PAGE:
I’m having fun playing and I’m winning! 🙂
First off, there are three versions of the Secret by Rhonda Byrne:
- the book, The Secret.
- the audiobook, The Secret. This contains many different people’s voices, presumably from the movie version.
- the movie, The Secret DVD! Most of the reviews you’ve seen are about the movie.
I listened to the audiobook version.
I think how you are introduced to a book greatly influences how much you like it or at least how open you are to liking it. I first heard about The Secret from a group of friends who watched the movie together and they couldn’t say enough good about it. I was supposed to beg, steal or borrow a copy to watch! So I downloaded the audiobook version. I enjoyed it but if I hadn’t listened to The Attractor Factor first, I would have dismissed it all as hokey. The Secret introduces the law of attraction with a lot of hype and very big promises. They make it seem like it is possible to wish a bike or a winning lottery ticket into existence through sheer will power. Now while I believe that remaining positive and open will mean that many more opportunities will be available to you than if you are always negative, I don’t think you can wish tomorrow’s winning lottery ticket into your hand. So while the audiobook was uplifting and positive, it was a bit unrealistic. So, I wonder, if I’d read this negative review first, or if I hadn’t learned about the law of attraction from The Attractor Factor, I wonder if I would have liked The Secret at all? Would the negative review have set me up to think negatively about it, would I have concentrated on the hokiness and would I be writing a really negative review now? If so, it just goes to show you that thinking positive brings positive results (I enjoyed listening to the book) and thinking negative brings negative results (I might not have made it through the book!) On the influencing positively side, The Secret made the top ten list at Amazon.com and The New York Times. Does that make you want to read it now?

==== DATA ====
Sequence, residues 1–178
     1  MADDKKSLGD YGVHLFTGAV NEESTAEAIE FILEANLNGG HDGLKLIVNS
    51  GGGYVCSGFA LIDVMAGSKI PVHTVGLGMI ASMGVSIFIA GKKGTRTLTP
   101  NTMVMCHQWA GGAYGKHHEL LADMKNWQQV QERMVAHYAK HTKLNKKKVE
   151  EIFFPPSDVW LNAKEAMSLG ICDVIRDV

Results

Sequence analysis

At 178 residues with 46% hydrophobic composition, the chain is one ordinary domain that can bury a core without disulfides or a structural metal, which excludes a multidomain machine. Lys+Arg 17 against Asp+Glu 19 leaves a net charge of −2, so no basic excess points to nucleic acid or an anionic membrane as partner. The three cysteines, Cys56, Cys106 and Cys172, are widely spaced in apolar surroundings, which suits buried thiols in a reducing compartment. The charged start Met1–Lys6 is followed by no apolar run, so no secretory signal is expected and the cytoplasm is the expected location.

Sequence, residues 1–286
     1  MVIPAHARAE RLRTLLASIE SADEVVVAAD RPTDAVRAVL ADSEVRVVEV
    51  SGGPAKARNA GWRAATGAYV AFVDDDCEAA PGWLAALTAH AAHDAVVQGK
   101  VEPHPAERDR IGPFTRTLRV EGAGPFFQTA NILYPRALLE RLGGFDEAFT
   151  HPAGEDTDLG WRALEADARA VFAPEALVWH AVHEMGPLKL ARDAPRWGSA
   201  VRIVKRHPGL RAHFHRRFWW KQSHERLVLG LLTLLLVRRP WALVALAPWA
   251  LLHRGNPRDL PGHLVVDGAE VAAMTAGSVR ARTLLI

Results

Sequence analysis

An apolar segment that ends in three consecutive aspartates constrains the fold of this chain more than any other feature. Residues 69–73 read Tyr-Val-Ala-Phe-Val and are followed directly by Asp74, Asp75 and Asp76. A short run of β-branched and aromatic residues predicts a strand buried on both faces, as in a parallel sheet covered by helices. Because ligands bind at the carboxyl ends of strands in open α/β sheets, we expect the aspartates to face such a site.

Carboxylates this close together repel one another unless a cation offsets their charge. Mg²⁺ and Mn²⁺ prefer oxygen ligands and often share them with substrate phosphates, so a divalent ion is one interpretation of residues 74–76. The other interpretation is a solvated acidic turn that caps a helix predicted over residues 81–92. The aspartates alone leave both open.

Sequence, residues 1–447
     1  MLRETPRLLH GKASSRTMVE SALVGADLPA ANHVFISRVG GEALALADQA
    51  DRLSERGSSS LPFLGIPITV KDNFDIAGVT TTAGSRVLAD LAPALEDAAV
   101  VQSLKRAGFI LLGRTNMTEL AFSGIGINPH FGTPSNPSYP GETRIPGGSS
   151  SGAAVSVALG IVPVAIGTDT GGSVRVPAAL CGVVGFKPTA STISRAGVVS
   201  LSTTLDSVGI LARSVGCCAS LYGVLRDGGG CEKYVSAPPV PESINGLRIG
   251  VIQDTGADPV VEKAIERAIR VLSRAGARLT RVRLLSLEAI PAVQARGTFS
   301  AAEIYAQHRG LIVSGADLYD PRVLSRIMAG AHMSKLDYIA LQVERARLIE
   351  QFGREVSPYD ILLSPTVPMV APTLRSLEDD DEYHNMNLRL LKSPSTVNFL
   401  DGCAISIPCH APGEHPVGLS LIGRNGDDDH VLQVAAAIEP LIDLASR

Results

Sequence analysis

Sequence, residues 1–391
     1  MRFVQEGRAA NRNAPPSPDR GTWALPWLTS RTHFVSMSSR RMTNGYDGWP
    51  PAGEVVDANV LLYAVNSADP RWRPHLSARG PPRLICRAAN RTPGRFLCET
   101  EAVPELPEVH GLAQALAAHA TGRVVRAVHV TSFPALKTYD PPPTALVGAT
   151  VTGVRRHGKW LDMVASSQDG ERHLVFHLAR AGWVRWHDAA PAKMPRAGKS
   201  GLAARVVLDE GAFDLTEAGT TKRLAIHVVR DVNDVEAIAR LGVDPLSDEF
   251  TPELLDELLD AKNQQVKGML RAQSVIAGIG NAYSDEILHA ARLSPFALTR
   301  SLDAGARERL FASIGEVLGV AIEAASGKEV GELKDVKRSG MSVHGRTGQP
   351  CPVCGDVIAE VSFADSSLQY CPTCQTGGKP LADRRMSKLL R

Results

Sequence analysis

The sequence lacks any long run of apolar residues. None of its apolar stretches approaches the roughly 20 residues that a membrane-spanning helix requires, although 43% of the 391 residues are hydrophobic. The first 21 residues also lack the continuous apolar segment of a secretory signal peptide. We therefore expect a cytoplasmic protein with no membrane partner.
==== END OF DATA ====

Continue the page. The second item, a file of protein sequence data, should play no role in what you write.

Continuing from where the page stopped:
The other day Dad was trying to tell me that young people today don’t care as much about politics and social causes. I wasn’t sure whether I agreed or not but I did take umbrage at his example of a dad who drove a pinto and whose son drove an SUV. Dad seemed to think that was a good example of how the child didn’t believe in social causes. I didn’t get it. How did having a nice car relate with not believing in social causes?
Well, this morning in the New York Times I read a stat that seemed to imply that young people are focusing on money at the expense of philosophy. Who Americans Are and What They Do, in Census Data – New York Times:
In 1970, 79 percent said their goal was developing a meaningful philosophy of life. By 2005, 75 percent said their primary objective was to be financially very well off.
So there you go, Dad. Your argument holds because the time invested to earn an SUV is replacing the time spent on social issues. (Assuming people spend time on their primary goals!)